I’m the luckiest person in the world.
Am I the only person to have this kind of moment? When a nearly tangible wave of pure contentment—a little stirring in the gut—gives rise to the realization that Lady Luck, Providence, my Fairy Godmother, or whomever, is routing for ME. And all is right in the world. At least at that moment.
I had one of those moments recently and I paid close attention to how it unfolded, so I could savor the feeling. It came over me while seated in the center of the concert hall in Teton Village, where I was hearing the Grand Teton Music Festival Orchestra perform. I’d finished my job that day in enough time to take the 45-minute drive to Festival Hall and get a $10 rush ticket (fortune was smilin’ already). Half way into the program’s first piece it happened: stirred by the music, the sensation bubbled up inside me:
I am the luckiest person in the world to be sitting where I am at this moment, listening, seeing and feeling…well, blessed.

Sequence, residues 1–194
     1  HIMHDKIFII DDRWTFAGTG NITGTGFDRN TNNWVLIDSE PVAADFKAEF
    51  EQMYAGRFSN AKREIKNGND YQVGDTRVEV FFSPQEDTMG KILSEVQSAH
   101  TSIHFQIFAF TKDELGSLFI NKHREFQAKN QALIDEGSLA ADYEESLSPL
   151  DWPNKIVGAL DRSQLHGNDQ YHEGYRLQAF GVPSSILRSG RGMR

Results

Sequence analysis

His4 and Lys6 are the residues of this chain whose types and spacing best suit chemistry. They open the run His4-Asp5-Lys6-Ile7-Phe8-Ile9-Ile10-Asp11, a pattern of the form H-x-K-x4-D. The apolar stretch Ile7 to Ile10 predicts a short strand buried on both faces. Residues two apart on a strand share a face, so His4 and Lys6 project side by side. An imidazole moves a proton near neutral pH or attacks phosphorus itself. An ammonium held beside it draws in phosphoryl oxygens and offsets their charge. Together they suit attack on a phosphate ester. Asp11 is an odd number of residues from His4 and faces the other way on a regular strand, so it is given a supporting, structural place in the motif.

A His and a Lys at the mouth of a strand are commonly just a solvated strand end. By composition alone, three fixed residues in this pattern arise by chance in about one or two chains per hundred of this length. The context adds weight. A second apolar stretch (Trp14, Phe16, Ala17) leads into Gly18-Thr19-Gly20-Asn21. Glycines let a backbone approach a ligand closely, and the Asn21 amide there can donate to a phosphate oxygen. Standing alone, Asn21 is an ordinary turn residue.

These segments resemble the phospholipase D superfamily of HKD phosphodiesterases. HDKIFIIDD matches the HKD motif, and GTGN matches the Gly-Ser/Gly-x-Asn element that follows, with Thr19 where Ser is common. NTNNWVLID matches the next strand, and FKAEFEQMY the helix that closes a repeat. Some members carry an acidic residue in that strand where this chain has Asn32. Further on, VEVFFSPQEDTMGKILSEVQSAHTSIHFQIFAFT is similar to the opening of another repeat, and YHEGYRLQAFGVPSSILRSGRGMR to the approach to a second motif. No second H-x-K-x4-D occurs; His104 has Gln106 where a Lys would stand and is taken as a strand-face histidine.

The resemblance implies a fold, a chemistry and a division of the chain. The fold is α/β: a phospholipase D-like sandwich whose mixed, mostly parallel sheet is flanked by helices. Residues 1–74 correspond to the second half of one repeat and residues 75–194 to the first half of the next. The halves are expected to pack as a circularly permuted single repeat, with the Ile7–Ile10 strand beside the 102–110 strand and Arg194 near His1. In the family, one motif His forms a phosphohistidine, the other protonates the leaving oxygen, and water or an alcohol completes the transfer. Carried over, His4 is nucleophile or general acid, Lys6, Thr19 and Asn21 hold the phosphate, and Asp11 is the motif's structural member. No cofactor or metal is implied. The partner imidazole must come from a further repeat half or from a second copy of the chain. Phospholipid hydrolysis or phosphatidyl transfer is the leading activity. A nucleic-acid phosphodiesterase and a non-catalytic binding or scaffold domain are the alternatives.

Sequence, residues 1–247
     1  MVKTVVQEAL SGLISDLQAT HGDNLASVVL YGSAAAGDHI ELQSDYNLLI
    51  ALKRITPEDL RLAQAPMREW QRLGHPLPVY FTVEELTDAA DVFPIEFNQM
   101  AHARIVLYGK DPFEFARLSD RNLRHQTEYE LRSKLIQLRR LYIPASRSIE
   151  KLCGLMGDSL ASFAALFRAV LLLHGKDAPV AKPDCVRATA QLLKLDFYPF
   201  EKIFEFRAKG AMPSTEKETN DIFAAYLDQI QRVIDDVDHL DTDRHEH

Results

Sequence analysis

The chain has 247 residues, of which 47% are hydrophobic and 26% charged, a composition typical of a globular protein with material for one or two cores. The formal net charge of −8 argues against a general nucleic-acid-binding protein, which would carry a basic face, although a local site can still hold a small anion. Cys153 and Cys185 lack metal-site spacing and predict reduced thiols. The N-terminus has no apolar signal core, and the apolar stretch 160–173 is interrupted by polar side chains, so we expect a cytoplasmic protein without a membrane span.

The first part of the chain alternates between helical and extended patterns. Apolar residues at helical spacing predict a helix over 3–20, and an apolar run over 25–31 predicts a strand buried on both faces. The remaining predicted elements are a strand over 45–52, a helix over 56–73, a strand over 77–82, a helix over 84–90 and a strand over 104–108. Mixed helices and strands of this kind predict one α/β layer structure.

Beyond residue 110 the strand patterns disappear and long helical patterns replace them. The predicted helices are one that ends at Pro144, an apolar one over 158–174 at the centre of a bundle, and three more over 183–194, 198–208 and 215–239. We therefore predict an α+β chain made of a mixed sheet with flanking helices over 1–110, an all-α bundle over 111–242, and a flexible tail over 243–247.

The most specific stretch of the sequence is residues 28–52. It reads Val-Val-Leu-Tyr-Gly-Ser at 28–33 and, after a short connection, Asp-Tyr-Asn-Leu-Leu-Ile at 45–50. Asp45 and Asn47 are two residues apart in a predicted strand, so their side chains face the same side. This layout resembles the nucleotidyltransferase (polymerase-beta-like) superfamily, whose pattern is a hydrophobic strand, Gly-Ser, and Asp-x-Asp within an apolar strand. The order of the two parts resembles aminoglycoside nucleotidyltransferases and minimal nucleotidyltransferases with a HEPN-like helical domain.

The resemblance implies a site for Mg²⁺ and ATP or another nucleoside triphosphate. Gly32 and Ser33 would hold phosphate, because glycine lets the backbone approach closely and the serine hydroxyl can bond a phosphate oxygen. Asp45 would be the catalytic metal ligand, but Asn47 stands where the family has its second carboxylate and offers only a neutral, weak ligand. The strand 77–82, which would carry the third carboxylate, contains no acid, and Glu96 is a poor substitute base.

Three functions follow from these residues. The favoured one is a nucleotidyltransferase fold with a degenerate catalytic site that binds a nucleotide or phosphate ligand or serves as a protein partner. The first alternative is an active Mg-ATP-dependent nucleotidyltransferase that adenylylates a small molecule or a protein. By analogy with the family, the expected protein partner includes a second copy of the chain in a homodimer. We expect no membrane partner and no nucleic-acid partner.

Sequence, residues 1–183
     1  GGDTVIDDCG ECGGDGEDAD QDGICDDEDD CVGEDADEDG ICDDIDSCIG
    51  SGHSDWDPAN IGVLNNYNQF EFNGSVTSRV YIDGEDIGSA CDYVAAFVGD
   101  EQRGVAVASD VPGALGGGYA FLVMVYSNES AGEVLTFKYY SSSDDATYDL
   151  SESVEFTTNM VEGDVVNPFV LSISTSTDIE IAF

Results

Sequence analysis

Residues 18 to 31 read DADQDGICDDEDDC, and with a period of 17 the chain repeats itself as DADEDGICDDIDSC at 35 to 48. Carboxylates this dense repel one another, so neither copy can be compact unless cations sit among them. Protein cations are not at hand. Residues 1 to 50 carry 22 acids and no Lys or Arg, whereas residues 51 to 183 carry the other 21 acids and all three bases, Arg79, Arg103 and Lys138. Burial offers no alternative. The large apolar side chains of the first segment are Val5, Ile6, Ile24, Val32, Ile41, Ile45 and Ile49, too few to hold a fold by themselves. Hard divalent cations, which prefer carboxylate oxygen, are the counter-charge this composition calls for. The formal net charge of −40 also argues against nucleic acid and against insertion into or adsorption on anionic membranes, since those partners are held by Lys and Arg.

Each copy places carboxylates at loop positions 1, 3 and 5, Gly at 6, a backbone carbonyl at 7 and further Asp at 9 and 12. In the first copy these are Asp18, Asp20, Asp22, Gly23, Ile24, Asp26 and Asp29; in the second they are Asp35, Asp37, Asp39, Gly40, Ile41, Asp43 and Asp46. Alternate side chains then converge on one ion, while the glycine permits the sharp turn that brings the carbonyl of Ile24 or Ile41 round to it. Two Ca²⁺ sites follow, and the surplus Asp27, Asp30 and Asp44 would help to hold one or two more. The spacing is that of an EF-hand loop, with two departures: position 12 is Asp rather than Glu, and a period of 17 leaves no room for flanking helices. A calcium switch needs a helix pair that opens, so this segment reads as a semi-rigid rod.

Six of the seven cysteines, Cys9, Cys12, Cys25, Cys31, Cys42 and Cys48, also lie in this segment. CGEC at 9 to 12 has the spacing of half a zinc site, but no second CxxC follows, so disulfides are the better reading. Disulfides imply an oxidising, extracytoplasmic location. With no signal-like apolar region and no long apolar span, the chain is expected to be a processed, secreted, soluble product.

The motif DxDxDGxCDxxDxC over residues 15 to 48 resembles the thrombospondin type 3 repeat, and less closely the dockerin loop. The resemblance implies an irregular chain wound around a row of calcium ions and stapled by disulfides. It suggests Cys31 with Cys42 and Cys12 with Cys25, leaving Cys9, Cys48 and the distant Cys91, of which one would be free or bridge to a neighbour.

Nestled in that comfort, I was ready for the debut of a commissioned piece, “All Things Majestic” from the composer Jennifer Higdon, in which she expresses her impression of the Tetons via 99 musicians on stage. Ahhhh. Those kinds of chills don’t occur often, which makes it especially noticeable when they do.
Maybe I should begin cataloging these waves of blessed contentment. Would I notice a pattern? Does it occur in proximity to an art form or performance? Does it happen when I’m already feeling confident, or when I need a boost after a rough patch? Does it matter whether I’m alone or in someone else’s company? Just curious. Not necessarily looking to create conditions that produce more of the same. I rather like the intermittent, stealth appearance. It can happen any time. If I stay conscious, notice, I’ll recognize its arrival.
What do your moments look like? Hands around a hot cup of aromatic tea, watching waves lap at your toes, looking fabulous in the dressing room at Banana? When does everything feel totally right in your world?
My soundtrack today: “Luck Be a Lady Tonight,” Sinatra, of course.